This article is from 2008, but still relevant.
"Iraq has changed, but Iraqi Kurdistan has not. After Saddam's fall, many
Iraqi Kurds expected that their region would liberalize and democratize. Rather
than reform, however, regional politics have ossified. Barzani retains
dictatorial control over the Duhok and Erbil governorates, and Talabani likewise
dominates Sulaymaniyah. While it is inaccurate to describe the Kurdish
leadership—at least the PUK half—as tribal, both parties rely on family members
for control. Barzani appointed his nephew prime minister and assigned his
thirty-five-year-old son to run the local intelligence service. Other relatives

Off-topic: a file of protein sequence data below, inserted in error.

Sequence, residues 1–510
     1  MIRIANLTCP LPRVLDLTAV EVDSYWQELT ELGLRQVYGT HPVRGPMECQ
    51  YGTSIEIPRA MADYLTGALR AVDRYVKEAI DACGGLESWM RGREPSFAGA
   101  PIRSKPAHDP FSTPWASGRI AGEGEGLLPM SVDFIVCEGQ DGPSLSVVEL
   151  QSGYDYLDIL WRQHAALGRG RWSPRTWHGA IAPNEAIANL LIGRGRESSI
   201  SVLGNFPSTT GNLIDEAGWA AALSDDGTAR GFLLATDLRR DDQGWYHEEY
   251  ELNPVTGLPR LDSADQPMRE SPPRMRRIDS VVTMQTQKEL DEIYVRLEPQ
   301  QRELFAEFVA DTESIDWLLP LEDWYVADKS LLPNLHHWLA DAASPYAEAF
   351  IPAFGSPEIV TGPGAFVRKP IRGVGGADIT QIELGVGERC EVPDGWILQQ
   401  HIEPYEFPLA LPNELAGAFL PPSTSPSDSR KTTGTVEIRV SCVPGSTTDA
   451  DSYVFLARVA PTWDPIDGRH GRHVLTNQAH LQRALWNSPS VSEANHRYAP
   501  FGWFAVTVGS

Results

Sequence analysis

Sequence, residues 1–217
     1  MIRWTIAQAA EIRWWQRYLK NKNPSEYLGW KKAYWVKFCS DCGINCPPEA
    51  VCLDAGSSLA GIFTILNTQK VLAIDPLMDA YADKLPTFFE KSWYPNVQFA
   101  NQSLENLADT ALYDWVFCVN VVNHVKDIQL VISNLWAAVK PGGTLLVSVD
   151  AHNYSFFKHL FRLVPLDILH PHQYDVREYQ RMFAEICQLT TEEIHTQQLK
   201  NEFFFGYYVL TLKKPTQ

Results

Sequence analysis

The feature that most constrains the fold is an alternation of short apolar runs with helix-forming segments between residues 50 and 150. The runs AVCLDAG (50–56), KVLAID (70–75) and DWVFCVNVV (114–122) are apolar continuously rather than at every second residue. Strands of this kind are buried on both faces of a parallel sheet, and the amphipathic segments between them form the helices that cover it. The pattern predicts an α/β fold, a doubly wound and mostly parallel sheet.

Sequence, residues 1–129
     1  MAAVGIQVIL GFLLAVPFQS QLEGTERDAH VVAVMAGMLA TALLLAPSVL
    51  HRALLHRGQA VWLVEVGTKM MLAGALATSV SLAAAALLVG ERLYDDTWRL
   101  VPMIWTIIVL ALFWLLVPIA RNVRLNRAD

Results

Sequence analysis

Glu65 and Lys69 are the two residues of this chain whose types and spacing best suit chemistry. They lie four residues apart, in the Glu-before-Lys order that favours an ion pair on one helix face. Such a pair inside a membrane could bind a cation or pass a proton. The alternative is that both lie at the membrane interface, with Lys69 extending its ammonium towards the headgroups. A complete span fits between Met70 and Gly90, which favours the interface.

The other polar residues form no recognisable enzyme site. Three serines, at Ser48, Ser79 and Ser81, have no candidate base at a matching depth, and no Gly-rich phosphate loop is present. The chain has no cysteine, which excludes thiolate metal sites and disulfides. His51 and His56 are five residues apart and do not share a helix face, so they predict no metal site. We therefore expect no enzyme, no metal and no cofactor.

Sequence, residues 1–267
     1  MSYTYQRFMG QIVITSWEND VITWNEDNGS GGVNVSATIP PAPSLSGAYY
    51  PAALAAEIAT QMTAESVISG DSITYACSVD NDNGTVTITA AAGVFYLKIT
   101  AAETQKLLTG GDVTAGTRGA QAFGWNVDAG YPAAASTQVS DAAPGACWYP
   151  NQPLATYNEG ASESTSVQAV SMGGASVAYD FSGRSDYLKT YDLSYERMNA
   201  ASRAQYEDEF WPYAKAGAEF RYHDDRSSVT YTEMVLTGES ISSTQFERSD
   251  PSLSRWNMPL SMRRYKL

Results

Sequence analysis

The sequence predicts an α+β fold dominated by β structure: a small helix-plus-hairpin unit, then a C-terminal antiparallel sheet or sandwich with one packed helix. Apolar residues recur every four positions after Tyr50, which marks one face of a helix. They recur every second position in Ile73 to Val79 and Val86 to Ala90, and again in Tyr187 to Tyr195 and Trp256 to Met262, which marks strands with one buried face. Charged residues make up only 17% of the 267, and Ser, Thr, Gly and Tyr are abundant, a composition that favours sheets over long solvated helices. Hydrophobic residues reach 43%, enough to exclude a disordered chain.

control the regional telephone company, newspapers, and media.
Talabani's wife, Hero Khan, likewise, runs the local satellite station.
One son manages the PUK's intelligence operation, while the other represents the
KRG in Washington. When it came time to divvy up ministerial portfolios in
Baghdad, both Kurdish leaders turned to their families: Barzani gave his uncle
the Foreign Ministry portfolio, while Talabani gave one brother-in-law the
Ministry of Water Resources and his wife's brother-in-law the ambassadorship to
China. To Talabani's credit, both men are professionally qualified."